Archive for July, 2008

New disorder threatens bee population

Friday, July 11th, 2008

There is growing concern worldwide regarding a new threat to the bee population. The Guardian recently reported a dramatic decline in bee numbers in the USA. The phenomenon is called Colony Collapse Disorder (CCD), in which whole populations of hives just ‘disappear’. The report reflects on various causes ranging from climate change to stress. In the US thousands of swarms are trucked coast-to-coast on tour, pollinating fruit crops such as California’s massive almond industry. The syndrome is also affecting colonies in Europe and an international research effort is under way, based in Switzerland, aimed at solving the mystery. Meanwhile in Spain populations are dropping dramatically. A Spanish blog, Miscelánea de Noticias Apícolas de España, gives regular up to date information.

Slow population expansion of the Cantabrian brown bear

Wednesday, July 9th, 2008

The latest figures for female Cantabrian brown bears with cubs of the year (COY’s) have just been released giving 21 for 2007. This number has tripled since 1989. The 21 females have 39 cubs between them, growth being more obvious in the western population with 18 females having 34 cubs while in the east, 5 cubs were born to 3 females. Litter-size average has also increased, now standing at 2 cubs per female in the west and 1.8 in the east. According to José Félix García Gaona, the head of the Asturian Countryside and Biodiversity governmental department, these figures call for moderate optimism and he stresses the importance of the continued collaboration of the separate autonomous communities involved in the Plan for the Recuperation of the Cantabrian brown bear. Representing the Cantabrian government, Antonio Lucio said that the eastern population is still fragile although the presence of bears in out of the ordinary areas (such as the valleys of Liébana) is a clear indicator that the population’s decline has been stopped. The president of the Fundación Oso Pardo, Guillermo Palomero, urges caution however because even though the census is the highest for two decades, the Cantabrian brown bear is still a species threatened with extinction yet to overcome obstacles such as poison, traps and infant mortality.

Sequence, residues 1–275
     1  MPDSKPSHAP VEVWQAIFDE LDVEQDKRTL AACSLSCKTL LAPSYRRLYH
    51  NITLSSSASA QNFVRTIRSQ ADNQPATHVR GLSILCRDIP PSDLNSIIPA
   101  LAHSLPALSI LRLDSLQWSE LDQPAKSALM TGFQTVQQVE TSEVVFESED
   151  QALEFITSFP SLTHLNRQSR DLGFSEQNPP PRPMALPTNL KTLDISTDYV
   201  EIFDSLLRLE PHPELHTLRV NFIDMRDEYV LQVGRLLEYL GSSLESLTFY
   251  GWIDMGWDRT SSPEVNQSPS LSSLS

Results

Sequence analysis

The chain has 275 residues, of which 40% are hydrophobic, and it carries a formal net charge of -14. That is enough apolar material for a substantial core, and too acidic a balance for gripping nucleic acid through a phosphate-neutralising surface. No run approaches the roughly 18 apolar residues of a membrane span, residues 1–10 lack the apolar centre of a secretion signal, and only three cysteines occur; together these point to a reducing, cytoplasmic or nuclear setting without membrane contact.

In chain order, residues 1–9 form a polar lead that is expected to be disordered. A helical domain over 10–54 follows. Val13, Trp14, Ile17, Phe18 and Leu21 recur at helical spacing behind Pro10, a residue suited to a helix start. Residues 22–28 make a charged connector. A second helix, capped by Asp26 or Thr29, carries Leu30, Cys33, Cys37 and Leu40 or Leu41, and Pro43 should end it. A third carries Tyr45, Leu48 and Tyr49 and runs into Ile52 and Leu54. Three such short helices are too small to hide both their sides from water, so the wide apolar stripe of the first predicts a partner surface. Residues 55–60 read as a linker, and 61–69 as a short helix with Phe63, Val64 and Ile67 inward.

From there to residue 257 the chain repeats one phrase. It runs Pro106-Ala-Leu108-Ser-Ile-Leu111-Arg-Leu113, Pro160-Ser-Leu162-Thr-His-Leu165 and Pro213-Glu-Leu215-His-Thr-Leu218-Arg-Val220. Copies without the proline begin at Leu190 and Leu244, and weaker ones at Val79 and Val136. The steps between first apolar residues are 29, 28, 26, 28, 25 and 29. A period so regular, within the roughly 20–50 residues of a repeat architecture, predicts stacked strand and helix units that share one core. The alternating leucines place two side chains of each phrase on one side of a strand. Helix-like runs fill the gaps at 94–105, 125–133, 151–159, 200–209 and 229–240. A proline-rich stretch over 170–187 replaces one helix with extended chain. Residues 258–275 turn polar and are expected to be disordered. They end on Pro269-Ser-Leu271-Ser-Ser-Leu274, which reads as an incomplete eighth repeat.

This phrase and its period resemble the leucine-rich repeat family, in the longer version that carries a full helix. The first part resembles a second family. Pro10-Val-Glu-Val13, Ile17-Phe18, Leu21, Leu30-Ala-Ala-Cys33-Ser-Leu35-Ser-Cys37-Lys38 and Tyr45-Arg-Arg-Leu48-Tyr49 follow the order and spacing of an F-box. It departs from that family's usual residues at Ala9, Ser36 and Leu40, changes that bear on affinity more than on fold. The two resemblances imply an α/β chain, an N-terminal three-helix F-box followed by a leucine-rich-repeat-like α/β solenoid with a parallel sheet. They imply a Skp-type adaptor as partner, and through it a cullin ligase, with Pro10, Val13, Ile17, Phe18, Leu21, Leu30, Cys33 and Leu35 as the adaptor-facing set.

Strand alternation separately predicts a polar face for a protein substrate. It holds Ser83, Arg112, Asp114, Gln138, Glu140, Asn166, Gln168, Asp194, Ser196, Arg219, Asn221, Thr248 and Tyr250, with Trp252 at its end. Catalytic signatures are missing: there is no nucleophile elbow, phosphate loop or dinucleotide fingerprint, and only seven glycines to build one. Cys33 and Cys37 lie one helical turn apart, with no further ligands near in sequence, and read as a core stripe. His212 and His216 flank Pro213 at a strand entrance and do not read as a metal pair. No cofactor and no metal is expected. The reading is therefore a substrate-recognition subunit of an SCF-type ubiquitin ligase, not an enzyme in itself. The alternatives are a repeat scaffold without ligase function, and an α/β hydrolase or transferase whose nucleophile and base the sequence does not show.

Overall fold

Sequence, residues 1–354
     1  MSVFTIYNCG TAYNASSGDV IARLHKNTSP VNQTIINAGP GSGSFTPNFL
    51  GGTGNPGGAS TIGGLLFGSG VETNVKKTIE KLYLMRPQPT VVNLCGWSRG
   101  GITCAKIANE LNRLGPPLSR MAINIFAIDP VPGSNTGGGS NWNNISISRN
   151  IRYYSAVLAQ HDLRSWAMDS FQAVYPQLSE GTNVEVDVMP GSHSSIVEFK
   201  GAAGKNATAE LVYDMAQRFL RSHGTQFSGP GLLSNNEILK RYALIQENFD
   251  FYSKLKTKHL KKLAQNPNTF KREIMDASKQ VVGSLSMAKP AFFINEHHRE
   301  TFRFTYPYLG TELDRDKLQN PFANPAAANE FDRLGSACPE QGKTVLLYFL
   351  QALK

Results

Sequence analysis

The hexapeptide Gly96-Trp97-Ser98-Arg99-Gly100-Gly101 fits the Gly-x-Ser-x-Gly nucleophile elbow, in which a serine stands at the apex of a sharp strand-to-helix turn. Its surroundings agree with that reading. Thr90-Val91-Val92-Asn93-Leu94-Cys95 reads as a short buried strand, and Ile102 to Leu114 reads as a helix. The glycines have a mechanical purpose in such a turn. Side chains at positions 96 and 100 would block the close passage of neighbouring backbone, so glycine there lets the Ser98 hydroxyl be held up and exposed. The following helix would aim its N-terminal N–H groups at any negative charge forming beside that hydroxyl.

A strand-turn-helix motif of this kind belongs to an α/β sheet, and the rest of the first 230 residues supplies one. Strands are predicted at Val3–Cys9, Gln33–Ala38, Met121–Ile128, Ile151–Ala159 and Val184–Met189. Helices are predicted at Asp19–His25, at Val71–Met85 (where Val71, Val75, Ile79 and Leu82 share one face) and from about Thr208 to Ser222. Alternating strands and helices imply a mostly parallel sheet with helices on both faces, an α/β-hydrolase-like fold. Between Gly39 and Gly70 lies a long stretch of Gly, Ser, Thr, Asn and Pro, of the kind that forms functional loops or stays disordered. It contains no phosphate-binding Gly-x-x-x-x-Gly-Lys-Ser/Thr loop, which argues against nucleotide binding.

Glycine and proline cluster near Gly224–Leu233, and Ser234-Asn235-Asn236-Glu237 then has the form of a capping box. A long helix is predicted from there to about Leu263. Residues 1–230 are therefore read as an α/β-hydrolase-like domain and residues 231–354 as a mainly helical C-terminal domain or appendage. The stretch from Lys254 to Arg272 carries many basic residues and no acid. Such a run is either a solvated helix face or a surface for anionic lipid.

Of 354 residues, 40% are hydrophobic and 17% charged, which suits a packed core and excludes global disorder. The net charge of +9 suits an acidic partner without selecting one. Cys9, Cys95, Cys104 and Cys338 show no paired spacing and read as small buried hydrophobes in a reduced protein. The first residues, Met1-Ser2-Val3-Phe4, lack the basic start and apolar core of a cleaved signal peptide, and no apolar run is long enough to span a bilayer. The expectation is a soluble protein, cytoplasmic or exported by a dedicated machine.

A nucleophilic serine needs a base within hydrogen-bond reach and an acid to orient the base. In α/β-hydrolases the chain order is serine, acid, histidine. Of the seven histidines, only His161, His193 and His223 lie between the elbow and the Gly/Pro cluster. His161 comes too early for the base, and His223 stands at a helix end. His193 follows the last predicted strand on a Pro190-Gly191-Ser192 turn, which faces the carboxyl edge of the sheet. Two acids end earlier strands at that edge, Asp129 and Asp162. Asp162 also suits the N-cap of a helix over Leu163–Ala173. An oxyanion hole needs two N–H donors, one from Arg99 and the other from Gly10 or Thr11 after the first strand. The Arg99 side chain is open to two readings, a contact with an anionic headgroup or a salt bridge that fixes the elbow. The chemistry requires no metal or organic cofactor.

News from lne.es

More on Spain’s bears on the forum

Monk seal population rises

Wednesday, July 2nd, 2008

Two weeks ago we heard the news of the appearance of a monk seal in the Isla del Toro, Mallorca. This possibly isolated event coincides with some good news of the seal’s populations slow but hopeful recovery. The Cabo Blanco colony (between Western Sahara and Mauritania) saw the birth last year of 46 pups, practically the same as in 2006, and doubling those of previous years. The colony is now made up of 180 individuals of which some 50 are breeding females, demonstrating that it is finally beginning to recover from the mass epidemic caused by a toxic seaweed of the late 1990s which killed off 75% of the colony.

Elsewhere, in 2007 in Greece 28 pups were born, and in the Desertas Islands (Madeira), there are just three breeding females. The Algerian and Moroccan coasts support no more than 15 individuals. Source: La Crónica Verde

Distribution of monk seals. From The Monachus Guardian.

Figures of a world population of 500 Mediterranean monk seals are being quoted in the press though I can find no “official” figure. The Monachus Guardian states

“Thousands of islands, inaccessible coastlines, and a species that shies away from human contact have all conspired to make distribution and abundance assessments for the Mediterranean monk seal (Monachus monachus) an extraordinarily inexact science. Conventional wisdom, however, suggests that fewer than 600 individuals survive, making the Mediterranean monk seal Europe’s most endangered marine mammal